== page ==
On January 13, 2014 my body was literally one giant bruise. I had become so weak and felt like something was horribly wrong. I went into the ER, and because of my body of bruises, I was asked if I had been abused by the nurse who admitted me but they quickly realized that was not the case. I was given platelets immediately. A doctor came in to talk to me and told me my platelets were at 10,000 when they should be in the 150k-400k range. She told me I was going to be transferred to Summerlin Hospital where an oncologist was waiting for me.
At the time, I had no idea what an oncologist was and what that meant for me. I arrived at Summerlin Hospital and met my oncologist and quickly learned exactly what an oncologist was. He told me that my blood test results showed I had leukemia. I was in shock, but I did not cry. I kept telling myself I'm just sick and these doctors will fix me. He then told me that I needed to start chemo the next day or I will most likely not make it, and then added that I probably won'tbe able to have children after treatment. That's when I started to cry. He contemplated freezing my eggs but after he talked to a specialist, he told me the process would take too long and I would be risking my life.
So we started chemo the next day.I had a bone marrow biopsy to tell us what kind of leukemia I had. I was officially diagnosed with Acute Promyelocytic Leukemia (APL). I was admitted into ICU shortly after treatment started because I had water in my lungs. I had several MRIs and CT scans done all to reveal that I had bleeding in my brain and a bleeding in my right eye. The seven days I was on chemo were a blur and I hardly remember them because I was so tired that I slept almost the entire time. I finished my chemo and was stable enough to move back to theoncology ward.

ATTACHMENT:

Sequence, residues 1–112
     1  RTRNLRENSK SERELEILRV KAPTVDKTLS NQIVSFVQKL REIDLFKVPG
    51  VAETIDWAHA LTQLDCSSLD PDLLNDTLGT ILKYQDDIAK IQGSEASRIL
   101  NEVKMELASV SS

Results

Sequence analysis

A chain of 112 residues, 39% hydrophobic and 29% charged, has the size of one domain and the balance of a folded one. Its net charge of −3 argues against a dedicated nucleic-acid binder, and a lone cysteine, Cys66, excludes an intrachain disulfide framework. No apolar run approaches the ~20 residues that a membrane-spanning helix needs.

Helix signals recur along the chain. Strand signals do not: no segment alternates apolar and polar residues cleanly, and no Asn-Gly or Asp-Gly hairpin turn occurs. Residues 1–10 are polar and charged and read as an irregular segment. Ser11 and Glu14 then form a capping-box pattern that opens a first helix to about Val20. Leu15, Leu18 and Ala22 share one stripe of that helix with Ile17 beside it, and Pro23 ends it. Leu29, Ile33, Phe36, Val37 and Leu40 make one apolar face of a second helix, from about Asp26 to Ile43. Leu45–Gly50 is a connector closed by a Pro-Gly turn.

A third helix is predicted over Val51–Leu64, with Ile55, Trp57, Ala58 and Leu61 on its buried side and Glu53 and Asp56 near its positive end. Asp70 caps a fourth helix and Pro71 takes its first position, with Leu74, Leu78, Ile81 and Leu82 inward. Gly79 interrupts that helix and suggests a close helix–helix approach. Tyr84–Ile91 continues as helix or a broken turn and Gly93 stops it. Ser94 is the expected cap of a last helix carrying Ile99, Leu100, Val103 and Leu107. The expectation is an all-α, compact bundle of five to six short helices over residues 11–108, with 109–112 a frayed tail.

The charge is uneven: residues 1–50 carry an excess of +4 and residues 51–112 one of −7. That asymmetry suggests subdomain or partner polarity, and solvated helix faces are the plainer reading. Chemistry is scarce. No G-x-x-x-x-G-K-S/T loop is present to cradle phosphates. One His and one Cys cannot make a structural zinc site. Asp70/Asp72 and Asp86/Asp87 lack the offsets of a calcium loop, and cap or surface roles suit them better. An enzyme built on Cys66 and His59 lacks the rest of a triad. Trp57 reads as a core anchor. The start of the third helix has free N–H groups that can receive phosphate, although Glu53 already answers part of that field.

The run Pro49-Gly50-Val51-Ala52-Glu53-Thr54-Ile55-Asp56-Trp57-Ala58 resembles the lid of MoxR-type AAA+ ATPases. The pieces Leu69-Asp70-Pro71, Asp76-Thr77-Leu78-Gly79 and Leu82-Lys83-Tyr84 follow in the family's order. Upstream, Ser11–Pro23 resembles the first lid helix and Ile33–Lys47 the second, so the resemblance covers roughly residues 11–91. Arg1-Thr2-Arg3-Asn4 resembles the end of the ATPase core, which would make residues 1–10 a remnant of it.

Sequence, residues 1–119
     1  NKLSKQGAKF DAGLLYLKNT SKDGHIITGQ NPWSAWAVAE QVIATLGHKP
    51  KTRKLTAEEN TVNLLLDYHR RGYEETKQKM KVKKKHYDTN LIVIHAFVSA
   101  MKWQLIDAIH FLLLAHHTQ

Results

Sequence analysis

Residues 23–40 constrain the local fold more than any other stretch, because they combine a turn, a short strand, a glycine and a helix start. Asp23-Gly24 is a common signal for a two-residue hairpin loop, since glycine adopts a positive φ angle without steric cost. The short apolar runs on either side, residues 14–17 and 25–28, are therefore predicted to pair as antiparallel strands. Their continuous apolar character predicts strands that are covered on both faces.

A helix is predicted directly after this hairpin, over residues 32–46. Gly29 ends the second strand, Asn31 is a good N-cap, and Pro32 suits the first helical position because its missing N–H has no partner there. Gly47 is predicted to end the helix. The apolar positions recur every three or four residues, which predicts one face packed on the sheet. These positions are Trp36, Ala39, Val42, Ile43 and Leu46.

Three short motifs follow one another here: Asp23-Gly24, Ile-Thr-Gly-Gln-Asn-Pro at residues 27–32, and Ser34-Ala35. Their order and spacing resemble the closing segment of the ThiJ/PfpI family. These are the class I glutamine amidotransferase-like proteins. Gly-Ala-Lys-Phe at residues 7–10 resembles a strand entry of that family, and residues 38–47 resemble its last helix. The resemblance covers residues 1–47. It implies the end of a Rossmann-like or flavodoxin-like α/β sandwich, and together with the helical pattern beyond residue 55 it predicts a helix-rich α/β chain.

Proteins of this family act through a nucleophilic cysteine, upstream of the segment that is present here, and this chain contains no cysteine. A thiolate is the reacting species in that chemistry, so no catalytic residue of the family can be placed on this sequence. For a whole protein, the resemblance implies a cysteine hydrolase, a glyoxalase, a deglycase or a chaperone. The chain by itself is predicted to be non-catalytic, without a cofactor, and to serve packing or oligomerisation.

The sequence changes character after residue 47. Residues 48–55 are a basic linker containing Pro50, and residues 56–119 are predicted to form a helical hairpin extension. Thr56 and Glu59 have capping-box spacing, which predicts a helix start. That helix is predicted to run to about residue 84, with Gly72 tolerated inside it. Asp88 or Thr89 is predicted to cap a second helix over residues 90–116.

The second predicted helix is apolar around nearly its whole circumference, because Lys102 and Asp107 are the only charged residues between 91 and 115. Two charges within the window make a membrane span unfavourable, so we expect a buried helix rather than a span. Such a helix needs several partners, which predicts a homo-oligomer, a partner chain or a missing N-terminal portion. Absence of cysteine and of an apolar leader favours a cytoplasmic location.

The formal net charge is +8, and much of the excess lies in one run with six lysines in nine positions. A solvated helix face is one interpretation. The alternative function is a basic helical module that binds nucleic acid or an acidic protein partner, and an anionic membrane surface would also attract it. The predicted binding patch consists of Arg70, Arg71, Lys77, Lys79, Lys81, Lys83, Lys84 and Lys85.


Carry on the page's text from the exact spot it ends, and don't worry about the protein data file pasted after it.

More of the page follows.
There, I patiently sat around for weeks waiting for my numbers to come back up, so I can go home. When I finally was able to go home, my oncologist gave me one week to rest and then I had to be back for my second round of chemo. On my week off, I did another bone marrow biopsy and the results were amazing. I was in remission!!! The second round of chemo was a very horrible experience, even worse than the first round. I had an infection in my blood, c-diff disease, and heart failure. One day my heart rate went up to 200 and my oxygen level to 77, it was terrible.
I spenttime in ICU again until I could breathe on my own. The doctors put me on digoxin, which would make my heart stronger. They didn't know if or how long it would take to heal my heart. I had to switch to arsenic for my third consolidation round. During my third round, one month after heart failure they did another echo and told me my heart was back to normal! No more heart failure. I stayed in the hospital for a month while I received my treatment. I left the hospital for 2 weeks this time and came back for my last and final round of arsenic. I stayed in the hospital for 25 days and was discharged on June 30, 2014. I was finally done with treatment and I was inremission!!!
Through the course of my battle I was admitted to the hospital four times and stayed a month to a month and a half each time. During that entire time my family never left my side. My husband (boyfriend at the time) and my mom would take turns spending the night with me and my dad visited me every day. I had friends who came to visit me all the time and text me every day. I had an amazing support system. Almost exactly one year after I finished treatment I found out I was pregnant!!! Now, I am blessed with a beautiful baby girl. I thank God everyday for getting me through cancer. The worst part of my life taught me so much and made me appreciate life so much more. During my battle I decided that what I wanted most was to get my story out there, to inspire fighters, and raise awareness so we can raise money to find a cure for this awful disease. I am so happy to be working with The Leukemia and Lymphoma Society so I can help people like me.